International Association for Cryptologic Research

International Association
for Cryptologic Research


On Secure Ratcheting with Immediate Decryption

Jeroen Pijnenburg , Royal Holloway, University of London
Bertram Poettering , IBM Research Europe -- Z├╝rich
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Conference: ASIACRYPT 2022
Abstract: Ratcheting protocols let parties securely exchange messages in environments in which state exposure attacks are anticipated. While, unavoidably, some promises on confidentiality and authenticity cannot be upheld once the adversary obtains a copy of a party's state, ratcheting protocols aim at confining the impact of state exposures as much as possible. In particular, such protocols provide forward security (after state exposure, past messages remain secure) and post-compromise security (after state exposure, participants auto-heal and regain security). Ratcheting protocols serve as core components in most modern instant messaging apps, with billions of users per day. Most instances, including Signal, guarantee immediate decryption (ID): Receivers recover and deliver the messages wrapped in ciphertexts immediately when they become available, even if ciphertexts arrive out-of-order and preceding ciphertexts are still missing. This ensures the continuation of sessions in unreliable communication networks, ultimately contributing to a satisfactory user experience. While initial academic treatments consider ratcheting protocols without ID, Alwen et al (EC'19) propose the first ID-aware security model, together with a provably secure construction. Unfortunately, as we note, in their protocol a receiver state exposure allows for the decryption of all prior undelivered ciphertexts. As a consequence, from an adversary's point of view, intentionally preventing the delivery of a fraction of the ciphertexts of a conversation, and corrupting the receiver (days) later, allows for correctly decrypting all suppressed ciphertexts. The same attack works against Signal. We argue that the level of (forward-)security realized by the protocol of Alwen et al, and mandated by their security model, is considerably lower than both intuitively expected and technically possible. The main contributions of our work are thus a careful revisit of the security notions for ratcheted communication in the ID setting, together with a provably secure proof-of-concept construction. One novel component of our model is that it reflects the progression of physical time. This allows for formally requiring that (undelivered) ciphertexts automatically expire after a configurable amount of time.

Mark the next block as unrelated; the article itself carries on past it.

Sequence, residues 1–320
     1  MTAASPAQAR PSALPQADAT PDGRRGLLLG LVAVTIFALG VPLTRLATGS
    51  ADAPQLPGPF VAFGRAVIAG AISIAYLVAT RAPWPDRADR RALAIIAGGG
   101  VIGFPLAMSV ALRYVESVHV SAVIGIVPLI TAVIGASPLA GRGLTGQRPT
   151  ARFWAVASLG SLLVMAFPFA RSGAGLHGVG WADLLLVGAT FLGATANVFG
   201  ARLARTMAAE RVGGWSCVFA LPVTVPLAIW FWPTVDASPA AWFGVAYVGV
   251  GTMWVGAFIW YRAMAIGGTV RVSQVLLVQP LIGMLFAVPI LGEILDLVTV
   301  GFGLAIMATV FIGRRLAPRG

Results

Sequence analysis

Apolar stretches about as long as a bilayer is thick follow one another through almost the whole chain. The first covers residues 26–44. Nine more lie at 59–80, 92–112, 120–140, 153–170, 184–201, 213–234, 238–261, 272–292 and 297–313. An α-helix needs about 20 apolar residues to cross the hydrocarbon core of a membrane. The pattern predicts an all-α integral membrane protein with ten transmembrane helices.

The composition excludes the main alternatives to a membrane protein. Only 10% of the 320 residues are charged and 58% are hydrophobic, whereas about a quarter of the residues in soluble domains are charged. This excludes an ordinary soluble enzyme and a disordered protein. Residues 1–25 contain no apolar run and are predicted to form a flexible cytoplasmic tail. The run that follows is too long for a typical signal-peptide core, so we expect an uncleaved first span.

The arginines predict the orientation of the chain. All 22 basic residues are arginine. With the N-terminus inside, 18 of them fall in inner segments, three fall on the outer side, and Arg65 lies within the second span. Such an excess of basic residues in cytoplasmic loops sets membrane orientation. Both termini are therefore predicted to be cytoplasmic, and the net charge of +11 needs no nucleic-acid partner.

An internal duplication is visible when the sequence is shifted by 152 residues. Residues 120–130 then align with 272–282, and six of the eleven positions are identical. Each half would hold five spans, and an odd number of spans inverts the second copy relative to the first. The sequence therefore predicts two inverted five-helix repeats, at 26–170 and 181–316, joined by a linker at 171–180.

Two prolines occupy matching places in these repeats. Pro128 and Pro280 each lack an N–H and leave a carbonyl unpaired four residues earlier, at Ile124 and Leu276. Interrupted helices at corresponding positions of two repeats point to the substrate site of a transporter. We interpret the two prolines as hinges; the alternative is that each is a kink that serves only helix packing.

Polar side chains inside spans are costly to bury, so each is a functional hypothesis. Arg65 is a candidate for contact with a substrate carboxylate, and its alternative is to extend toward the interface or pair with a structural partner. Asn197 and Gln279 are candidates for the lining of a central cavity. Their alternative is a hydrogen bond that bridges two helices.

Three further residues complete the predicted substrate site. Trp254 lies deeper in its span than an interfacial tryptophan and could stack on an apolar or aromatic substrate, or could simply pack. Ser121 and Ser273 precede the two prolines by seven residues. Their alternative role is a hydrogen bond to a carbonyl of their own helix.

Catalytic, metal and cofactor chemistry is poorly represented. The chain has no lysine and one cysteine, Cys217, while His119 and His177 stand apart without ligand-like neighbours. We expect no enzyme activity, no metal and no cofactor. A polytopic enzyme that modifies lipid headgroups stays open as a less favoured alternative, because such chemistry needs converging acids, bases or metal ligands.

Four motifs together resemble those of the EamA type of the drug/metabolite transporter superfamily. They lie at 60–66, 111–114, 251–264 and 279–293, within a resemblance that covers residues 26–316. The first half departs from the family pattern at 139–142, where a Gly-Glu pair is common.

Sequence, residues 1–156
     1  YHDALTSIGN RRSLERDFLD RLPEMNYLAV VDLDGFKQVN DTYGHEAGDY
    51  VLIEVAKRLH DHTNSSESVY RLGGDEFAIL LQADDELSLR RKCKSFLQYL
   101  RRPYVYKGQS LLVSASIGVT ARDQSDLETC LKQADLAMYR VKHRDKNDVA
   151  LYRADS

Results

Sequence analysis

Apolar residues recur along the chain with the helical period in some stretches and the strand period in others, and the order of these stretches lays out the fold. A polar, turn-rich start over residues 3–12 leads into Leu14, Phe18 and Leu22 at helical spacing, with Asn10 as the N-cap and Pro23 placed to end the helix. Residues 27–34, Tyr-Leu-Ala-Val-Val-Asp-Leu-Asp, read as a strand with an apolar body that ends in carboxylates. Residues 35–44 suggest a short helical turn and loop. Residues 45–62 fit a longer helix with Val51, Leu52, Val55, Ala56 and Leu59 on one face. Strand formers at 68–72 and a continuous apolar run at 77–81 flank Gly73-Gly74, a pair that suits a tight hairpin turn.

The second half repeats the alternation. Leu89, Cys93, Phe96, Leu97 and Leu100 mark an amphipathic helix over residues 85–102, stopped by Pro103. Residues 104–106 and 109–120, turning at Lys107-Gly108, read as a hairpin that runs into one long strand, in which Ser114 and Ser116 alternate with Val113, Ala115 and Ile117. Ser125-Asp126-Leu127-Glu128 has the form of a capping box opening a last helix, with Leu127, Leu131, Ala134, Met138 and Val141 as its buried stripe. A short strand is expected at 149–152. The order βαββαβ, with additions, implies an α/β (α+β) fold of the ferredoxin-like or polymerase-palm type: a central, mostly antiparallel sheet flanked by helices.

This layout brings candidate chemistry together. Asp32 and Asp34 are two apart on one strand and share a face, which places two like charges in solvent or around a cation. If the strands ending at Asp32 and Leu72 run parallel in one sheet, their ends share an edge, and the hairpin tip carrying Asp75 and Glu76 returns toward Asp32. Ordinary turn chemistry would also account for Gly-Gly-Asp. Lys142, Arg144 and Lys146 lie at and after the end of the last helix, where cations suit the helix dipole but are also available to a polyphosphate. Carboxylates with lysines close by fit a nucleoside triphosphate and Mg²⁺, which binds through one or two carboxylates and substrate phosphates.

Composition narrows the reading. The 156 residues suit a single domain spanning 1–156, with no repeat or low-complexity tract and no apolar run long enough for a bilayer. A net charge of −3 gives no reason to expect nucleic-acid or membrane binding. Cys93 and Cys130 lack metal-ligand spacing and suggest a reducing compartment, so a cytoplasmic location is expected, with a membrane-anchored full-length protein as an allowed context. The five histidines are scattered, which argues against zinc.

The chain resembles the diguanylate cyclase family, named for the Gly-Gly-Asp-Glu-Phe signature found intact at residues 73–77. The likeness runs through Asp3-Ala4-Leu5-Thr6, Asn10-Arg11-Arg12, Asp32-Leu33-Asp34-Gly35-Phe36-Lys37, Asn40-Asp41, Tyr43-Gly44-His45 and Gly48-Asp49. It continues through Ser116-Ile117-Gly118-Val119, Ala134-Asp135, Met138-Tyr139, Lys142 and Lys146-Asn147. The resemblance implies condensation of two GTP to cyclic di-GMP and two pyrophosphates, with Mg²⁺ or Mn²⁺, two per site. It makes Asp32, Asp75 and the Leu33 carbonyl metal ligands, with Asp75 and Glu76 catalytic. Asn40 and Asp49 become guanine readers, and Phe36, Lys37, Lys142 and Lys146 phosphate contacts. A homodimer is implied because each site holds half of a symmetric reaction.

title={On Secure Ratcheting with Immediate Decryption},
  author={Jeroen Pijnenburg and Bertram Poettering},